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Peter Lynch


B: June 12, 1957 in Toronto, Ontario

Peter Lynch grew up in the East York area of Toronto where he spent a great deal of time fishing, playing hockey and singing in a choir. He was turned on to filmmaking by an uncle who obsessively filmed everything, but it wasn’t until his father took him to see John Ford’s Stagecoach that he knew he wanted to make films. When he was eleven he saw Stanley Kubrick’s 2001: A Space Odyssey, and re-confirmed his desire to become a filmmaker. Raised on as much pop culture as he was high art: from Beatles to Bach, from Picasso to Superman comics, after high school, Lynch spent two years being a ski bum in the Laurentians north of Montréal and then spent the next few years as a truck driver and on assembly lines. He then went to study Fine Arts at York University and found that he was more interested in anthropology than in most film courses. At York he discovered the ‘video revolution’. Lynch headed off to New York City to become a V.J. at various nightclubs, including “The Mudd Club” and “Danceteria.” There he combined images and music together and was amongst the first to show video art. He then moved into staging larger multi-media events, which would combine music, video, performance art and fashion. One of the most memorable was Kitchen Sync (1982) a landmark cultural event in Toronto, which featured performance art by Eric Bogosian, showcased Fab Five Freddy and the Rocksteady Crew and contemporary dance by Trisha Brown. Between 1983-1987 Lynch co-founded, co-produced and co-directed Video Culture International, an international festival which showed the latest in video and the new media expression from around the world. This event included a competition, conferences, exhibitions, symposiums, installation and multi-media performance events.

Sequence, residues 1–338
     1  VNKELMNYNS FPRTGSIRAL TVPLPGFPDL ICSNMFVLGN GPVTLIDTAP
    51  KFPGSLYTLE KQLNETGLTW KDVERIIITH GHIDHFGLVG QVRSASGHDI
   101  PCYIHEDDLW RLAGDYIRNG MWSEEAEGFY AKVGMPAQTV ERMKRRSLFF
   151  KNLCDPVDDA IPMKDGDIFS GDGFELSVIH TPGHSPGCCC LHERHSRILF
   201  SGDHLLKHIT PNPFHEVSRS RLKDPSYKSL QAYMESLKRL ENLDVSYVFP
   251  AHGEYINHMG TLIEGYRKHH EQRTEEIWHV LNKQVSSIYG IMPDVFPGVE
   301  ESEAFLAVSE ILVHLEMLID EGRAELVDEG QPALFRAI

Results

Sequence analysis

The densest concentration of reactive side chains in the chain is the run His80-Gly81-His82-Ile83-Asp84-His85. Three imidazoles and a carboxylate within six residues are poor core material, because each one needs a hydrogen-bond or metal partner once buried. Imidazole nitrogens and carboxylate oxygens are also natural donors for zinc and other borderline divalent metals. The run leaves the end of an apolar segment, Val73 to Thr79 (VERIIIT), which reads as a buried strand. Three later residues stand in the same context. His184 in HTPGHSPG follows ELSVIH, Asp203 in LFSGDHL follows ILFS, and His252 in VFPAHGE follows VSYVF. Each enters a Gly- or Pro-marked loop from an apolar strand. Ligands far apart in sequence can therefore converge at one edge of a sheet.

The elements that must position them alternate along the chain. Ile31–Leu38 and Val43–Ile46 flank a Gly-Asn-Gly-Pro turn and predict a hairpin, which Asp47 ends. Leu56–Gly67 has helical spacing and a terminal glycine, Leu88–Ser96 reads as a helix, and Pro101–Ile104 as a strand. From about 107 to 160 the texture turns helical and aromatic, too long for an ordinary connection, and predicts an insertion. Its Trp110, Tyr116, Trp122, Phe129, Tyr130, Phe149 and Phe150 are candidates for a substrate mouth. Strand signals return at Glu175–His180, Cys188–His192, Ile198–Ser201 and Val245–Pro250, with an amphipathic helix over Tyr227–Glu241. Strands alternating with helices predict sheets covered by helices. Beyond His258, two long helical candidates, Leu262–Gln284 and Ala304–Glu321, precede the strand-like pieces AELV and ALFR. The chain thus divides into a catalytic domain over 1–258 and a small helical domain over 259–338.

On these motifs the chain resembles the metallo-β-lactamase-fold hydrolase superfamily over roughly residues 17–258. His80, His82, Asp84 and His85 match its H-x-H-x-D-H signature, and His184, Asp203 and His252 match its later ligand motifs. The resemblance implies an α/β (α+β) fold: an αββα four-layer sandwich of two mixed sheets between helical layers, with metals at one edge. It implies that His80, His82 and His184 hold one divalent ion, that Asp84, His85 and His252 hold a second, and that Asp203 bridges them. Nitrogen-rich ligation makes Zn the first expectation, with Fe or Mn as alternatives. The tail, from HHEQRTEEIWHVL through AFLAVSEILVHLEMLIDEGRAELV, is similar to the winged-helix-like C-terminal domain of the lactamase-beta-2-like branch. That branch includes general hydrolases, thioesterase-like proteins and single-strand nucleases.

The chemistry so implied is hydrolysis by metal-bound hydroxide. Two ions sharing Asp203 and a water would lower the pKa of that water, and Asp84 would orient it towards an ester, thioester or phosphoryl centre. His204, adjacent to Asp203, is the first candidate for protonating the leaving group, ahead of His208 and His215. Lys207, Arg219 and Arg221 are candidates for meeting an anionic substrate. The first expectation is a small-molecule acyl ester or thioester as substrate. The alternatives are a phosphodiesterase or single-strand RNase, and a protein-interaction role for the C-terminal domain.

In the early 1990s, Lynch produced and directed a number of music videos, which aired on Much Music and MTV. He then started to work on short films, notably his first dramatic short Arrowhead, for which he received a Genie Award in 1994. In 1996 Lynch made the wildly successful Project Grizzly, one of the most acclaimed Canadian documentaries of all time. He then co-wrote and directed The Herd, a historical drama that was filmed in the Arctic. Lynch’s films have been broadcast and shown in festivals and theatres around the world.